For example, for the base note, it will look like this: 1, 1, 1, 1, 1, 1... For the higher octave: 2, 2, 2, 2, 2, 2... For the lower octave: 1, 0, 1, 0, 1, 0
Generating the table is analogue to the fixed-point technique. To optimize further, each subtable will be 256 bytes: the same pointer can be used for the three channels, without even having to manage the looping if the increment is done on 8 bits.
Two inconveniences about this technique: this step table takes a bit of memory: by limiting it to three octaves only (which is most of times enough for Digitrack music), and by allocating 256 bytes per note, it weighs 9kb. You can optimize it by storing only the subtables of the notes used by the song. Second inconvenience: the step is locked to what is read in the tables. No portamento effect is possible!
Finally, I have recently found an even faster technique, without effect limitation, which I hope to use in a production one day. The aim is not to play higher frequencies, but rather use the saved cycles to do effects DURING the replay.
How to manage the looping of sounds? On modern architecture, we have enough power to test, after each sample is played, whether the end of the sound is reached. On CPC, we certainly can not! As a fall-back, we check this “when we can”. Ideally, try to do that at the end of each frame. You will need to spend some time to read the data of the music at one time or another, so this will also be the moment to check the looping. This is not extremely accurate, but it is enough most of the cases.
Let’s quickly talk about the SID sample used in Imperial Mahjong. I told you at the beginning of this article that playing samples on 3 channels is too cumbersome, due to the cycle amount it requires on CPC. Yet, that’s exactly what I do in Imperial Mahjong! It works because playing SID sample is a bit different. The wave generated by the PSG is accurate, only the one the SID sample generate is not. The overall quality is still acceptable even if the SID sample has a low replay frequency.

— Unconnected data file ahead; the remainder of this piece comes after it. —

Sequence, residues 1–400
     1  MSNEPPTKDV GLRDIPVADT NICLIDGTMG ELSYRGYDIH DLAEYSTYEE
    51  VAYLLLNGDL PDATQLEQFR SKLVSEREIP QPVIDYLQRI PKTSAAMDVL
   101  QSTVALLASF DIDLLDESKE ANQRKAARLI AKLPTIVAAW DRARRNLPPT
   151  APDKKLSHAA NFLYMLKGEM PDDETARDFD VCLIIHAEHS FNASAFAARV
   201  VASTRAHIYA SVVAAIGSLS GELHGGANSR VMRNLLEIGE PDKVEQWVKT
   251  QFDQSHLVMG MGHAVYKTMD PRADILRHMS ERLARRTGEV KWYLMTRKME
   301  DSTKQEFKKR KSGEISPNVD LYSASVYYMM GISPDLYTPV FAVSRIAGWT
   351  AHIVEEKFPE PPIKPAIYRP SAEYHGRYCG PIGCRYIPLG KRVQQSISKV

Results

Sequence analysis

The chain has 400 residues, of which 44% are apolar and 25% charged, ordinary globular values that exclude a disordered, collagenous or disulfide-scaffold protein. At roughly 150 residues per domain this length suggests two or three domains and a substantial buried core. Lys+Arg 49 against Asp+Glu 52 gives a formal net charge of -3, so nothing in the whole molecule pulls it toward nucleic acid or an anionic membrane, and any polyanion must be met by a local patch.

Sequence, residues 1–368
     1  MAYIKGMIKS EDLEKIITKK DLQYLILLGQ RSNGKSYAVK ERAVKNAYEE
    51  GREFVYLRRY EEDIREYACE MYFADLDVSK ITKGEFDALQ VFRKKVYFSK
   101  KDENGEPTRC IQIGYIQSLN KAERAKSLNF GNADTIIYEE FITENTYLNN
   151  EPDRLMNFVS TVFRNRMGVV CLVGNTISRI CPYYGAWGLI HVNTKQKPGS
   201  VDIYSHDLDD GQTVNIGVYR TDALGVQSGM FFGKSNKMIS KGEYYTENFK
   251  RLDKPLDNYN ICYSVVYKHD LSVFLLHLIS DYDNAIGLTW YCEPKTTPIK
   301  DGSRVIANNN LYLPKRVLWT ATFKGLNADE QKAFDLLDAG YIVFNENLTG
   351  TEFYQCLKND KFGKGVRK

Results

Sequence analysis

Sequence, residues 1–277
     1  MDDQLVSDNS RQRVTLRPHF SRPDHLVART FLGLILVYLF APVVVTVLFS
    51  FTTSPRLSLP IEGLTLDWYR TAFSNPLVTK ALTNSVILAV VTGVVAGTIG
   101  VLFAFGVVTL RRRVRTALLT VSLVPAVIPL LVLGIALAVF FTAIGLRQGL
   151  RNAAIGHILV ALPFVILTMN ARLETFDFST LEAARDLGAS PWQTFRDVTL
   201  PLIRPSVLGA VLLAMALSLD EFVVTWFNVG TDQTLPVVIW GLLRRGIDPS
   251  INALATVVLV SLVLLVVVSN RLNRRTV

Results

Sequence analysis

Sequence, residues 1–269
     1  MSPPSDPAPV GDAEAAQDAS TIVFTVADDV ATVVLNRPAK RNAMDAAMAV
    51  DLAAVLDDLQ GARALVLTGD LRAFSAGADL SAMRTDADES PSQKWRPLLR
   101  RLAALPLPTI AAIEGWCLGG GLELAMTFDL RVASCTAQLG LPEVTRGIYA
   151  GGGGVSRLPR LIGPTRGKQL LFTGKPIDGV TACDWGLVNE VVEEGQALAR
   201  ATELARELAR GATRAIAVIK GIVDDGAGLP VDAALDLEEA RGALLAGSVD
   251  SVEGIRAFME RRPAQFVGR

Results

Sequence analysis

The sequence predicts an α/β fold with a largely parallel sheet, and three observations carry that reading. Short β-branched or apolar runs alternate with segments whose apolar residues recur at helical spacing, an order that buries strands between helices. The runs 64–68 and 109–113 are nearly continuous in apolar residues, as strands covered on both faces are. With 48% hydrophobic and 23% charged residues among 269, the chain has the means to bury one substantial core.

A difficulty about SID sample concerns the very small samples, that have to loop perfectly. The “checking whenever I can” technique explained above does not work anymore. So how to test the end of 3 sounds on 3 channels? Doing a 16-bit subtractions, besides modifying our registers, is too slow. I thus used a trick I love, and which you can use every time you have a looping table. It will however cost some memory, and requires the stack to be diverted. Let’s pretend I want to play the following samples, in a loop: 0, 5, 10, 15.
I encode the whole like this:
TableStart: dw 0 dw $ + 2 ; Points on the two next bytes dw 5 * 256 dw $ + 2 dw 10 * 256 dw $ + 2 dw 15 * 256 dw TableStart ; Let's loop!
You have to encode each value as 16 bits, followed by another 16 bits value pointing where is the next value. It can be two bytes further (“normal” case), or to the looping point. All we need to do is read the table this way:
TablePt: ld sp,TableStart pop af ; Gets the sample in A pop hl ; New value where to point to ld sp,hl ; SP points to our new value
The looping is automatically managed! As I use 8-bit values, my data is multiplied by 256, else POP AF would put it in F, which wouldn’t be useful. However, a clever coder could use F! We can imagine setting the bit 0 (carry), or bit 6 (Z). Thus, just after the “ld sp,hl”, a JR C/Z could be done (“pop hl” and “ld sp,hl” do not modify F, so this is safe).
The main inconvenience of this technique is that it is memory-consuming. However, it was a life-saver in the SID sample context! For the anecdote, the SID sounds of the Imperial Mahjong introduction weigh 60k! They are generated just before the music starts, from a base wave sound.
I think I told you all you needed to play beautiful samples, in an optimized way, on CPC. Don’t forget that, in the audio domain just like in any other domain, strange ideas and empiric tests give excellent results! I hope this article was an interesting read. See you soon!